by Wim Röst, June 15, 2018 in WUWT

Water, H2O, determines the ‘General Background Temperature’ for the Earth, resulting in Hothouse and Ice House Climate States. During geological periods the movement of continents changes the position of
continents, oceans and seas. Because of the different configurations, a dominant warm or a dominant cold deep-water production configuration ‘sets’ average temperatures for the deep oceans. Changing vertical oceanic circulation changes surface temperatures, especially in the higher latitudes. During a Hot House State, higher temperatures in the high latitudes result in a high water-vapor concentration that prevents a rapid loss of thermal energy by the Earth.

These three processes, plate tectonics (continental drift), vertical oceanic circulation variability and variations in atmospheric water vapor concentration and distribution, caused previous Hot House and Warm House Climate States. A change in the working of those mechanisms resulted in a transition from the previous Hot House Climate State to the very cold ‘Ice House State’ that we live in now. That change was set in motion by the changing configuration of continents, oceans and seas.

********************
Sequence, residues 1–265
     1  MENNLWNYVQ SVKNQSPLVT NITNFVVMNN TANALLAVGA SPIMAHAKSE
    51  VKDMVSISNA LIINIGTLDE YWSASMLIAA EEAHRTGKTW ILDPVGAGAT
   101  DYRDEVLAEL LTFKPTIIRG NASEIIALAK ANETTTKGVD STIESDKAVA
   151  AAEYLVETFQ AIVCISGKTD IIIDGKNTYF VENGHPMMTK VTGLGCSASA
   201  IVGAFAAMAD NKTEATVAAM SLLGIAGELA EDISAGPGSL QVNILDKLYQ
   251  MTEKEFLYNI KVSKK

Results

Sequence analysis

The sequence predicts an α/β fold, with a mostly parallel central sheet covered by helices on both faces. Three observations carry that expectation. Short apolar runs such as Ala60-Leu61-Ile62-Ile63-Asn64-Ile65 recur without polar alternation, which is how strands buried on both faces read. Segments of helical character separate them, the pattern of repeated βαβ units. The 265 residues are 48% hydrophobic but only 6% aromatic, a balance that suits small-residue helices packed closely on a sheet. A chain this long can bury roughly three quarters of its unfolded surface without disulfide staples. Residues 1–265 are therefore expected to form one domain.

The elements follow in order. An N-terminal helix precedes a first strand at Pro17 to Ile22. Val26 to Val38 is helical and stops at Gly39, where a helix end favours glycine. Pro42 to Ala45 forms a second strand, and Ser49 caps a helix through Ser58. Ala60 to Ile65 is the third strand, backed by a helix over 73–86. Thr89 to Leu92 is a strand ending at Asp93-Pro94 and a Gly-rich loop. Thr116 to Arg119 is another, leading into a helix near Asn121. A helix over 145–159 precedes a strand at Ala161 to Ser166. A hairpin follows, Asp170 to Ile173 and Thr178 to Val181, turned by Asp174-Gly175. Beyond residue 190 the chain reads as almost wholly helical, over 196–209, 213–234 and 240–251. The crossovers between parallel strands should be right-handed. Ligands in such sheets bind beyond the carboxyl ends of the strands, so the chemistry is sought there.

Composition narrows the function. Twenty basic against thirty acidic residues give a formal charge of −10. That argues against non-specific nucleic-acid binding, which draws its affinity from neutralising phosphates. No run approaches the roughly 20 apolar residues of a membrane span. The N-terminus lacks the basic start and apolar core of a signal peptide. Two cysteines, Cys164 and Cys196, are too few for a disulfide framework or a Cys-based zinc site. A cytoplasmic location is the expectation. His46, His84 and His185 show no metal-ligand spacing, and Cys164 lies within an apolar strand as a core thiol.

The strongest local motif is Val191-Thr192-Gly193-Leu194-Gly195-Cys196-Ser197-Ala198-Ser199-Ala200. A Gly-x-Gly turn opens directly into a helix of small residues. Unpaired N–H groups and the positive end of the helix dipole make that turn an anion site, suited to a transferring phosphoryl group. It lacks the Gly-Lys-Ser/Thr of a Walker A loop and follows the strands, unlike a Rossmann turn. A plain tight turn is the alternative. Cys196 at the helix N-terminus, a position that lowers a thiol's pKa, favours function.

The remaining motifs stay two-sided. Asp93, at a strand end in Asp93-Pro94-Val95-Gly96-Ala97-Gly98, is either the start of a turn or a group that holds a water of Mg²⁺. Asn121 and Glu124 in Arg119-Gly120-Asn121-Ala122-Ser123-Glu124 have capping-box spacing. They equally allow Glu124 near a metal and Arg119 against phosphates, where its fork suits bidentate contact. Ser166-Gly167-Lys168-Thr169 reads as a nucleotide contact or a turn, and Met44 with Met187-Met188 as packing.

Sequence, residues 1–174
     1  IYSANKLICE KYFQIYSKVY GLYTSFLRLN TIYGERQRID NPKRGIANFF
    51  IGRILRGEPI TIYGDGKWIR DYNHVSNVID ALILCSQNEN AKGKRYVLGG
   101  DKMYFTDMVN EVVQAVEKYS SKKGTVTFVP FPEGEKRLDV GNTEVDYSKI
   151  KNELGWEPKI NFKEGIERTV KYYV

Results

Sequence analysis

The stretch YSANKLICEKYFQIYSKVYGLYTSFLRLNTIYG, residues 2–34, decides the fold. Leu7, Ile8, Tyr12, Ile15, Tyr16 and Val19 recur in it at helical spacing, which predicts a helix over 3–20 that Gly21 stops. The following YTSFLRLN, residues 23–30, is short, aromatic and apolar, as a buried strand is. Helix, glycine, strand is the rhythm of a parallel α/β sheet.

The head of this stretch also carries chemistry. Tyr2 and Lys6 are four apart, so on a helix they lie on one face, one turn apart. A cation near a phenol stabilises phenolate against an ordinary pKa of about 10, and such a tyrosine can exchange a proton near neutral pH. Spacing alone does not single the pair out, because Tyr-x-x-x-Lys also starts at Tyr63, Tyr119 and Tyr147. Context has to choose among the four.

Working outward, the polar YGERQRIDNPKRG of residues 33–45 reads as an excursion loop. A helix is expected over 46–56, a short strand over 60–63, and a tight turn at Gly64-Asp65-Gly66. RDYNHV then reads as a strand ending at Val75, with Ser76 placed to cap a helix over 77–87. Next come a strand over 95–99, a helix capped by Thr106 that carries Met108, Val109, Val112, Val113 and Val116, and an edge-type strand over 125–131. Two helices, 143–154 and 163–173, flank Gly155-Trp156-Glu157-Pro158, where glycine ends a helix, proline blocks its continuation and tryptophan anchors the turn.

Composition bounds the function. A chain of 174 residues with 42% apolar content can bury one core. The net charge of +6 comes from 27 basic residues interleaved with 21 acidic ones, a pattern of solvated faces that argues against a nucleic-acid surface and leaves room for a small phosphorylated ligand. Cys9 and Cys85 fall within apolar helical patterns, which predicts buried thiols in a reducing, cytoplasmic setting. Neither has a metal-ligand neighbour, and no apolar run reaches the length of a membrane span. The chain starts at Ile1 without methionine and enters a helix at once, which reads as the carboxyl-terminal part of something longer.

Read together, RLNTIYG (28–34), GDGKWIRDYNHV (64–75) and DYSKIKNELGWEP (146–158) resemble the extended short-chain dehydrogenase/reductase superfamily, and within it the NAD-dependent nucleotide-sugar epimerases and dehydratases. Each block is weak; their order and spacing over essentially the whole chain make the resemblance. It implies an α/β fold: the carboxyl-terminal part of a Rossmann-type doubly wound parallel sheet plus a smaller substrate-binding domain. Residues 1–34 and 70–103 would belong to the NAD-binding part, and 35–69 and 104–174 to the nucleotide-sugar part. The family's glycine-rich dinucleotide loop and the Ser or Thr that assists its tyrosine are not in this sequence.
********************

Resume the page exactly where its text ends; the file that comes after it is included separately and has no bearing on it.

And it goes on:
NSF study: ‘…current carbon dioxide levels are not enough to destabilize the land-based ice on Antarctica’

by Anthony Watts, June 15, 2018 in WUWT

We covered this yesterday, but today the official press release came out, so worth covering again. Via Eurekalert

Land-based portion of massive East Antarctic ice sheet retreated little during past eight million years

But increases in atmospheric carbon dioxide levels could affect stability and potential for sea level rise


Large parts of the massive East Antarctic Ice Sheet did not retreat significantly during a time when atmospheric carbon dioxide concentrations were similar to today’s levels, according to a team of researchers funded by the National Science Foundation (NSF). The finding could have significant implications for global sea level rise.